Heilbrunn Timeline of Art History



  • Firefighter's Coat with Susanoo–no–mikoto and Sea Monster, Edo period (1615–1868), 19th century
    Dark blue quilted (sashiko) cotton with freehand paste–resist decoration
    Purchase, Irene Lewisohn and Alice L. Crowley Bequests, 1983 (1983.158a–c)

    Often in Japanese art, perishable or impermanent objects were purposefully embellished. When one's life was at stake, the decoration of protective ware was particularly auspicious. Like the armor of samurai warriors, the coats, hoods, and gloves worn by male, and sometimes female, firefighters bore symbolic emblems and motifs. The wearing of precious garments while charging into billows of smoke and flames asserts a quintessential Japanese aesthetic sensibility that recognizes beauty in the transience of life.

    During the Edo period (1615–1868), firefighters were registered into three ranks according to social position. Firefighters in samurai districts were registered as daimyo-bikeshi and jobikeshi, while firefighters in town districts carried the rank of machi-bikeshi. Firefighter coats reflected the social rank of wearers. Samurai fought fires attired in more elaborately and expensively adorned jackets than townsmen. However, all fire coats were carefully produced, with attention given to the symbolic meaning of the decoration. The townsmen's fire coats were reversible. The sober, usually dark blue outer side bore the crest or insignia of the firefighter's brigade, while the inner side tended to be brightly embellished with the empowering imagery of water. The many-layered quilted cotton coats were doused with water before firefighters entered a blaze.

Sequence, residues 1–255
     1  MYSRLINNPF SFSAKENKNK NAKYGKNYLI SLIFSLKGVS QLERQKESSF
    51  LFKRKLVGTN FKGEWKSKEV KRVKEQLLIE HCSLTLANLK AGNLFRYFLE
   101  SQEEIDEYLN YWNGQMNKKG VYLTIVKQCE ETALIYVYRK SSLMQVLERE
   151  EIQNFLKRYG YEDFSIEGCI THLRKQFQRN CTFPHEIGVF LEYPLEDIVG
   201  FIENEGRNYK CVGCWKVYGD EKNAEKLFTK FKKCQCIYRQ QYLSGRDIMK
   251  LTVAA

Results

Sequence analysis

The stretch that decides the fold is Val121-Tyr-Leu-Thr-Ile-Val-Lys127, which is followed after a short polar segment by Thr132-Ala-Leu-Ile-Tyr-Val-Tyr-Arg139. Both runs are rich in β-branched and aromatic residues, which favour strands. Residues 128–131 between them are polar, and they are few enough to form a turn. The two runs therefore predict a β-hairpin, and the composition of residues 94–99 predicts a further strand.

On ceremonial and festive occasions, firefighters proudly dressed in their fashionable fire coats, their courage and strength underscored by the bold and dynamic designs.

    This is an elaborately dyed and quilted cotton coat once worn by a townsman firefighter. The exterior and collar are dyed a solid hue of blue. In contrast, the interior shows an explosive scene of the legendary Shinto kami Susanoo-no-mikoto stabbing the eight-headed and eight-tailed dragon (yawata no orochi) described in Japan's earliest history, the Kojiki (Record of Ancient Matters). Vivid blue waves fill nearly half the spectacular background, while exquisite swirls of gray smoke rise above.

    Related

    Index Terms

    Art Movement/Style

    Material and Technique

    Object

    Subject Matter/Theme


    Not on view
    Move Separator Print
    Close
  • Firefighter's Coat with Susanoo-no-mikoto and Sea Monster, Edo period (1615–1868), 19th century
    Dark blue quilted (sashiko) cotton with freehand paste-resist decoration
    Purchase, Irene Lewisohn and Alice L. Crowley Bequests, 1983 (1983.158a–c)

    Move
    Close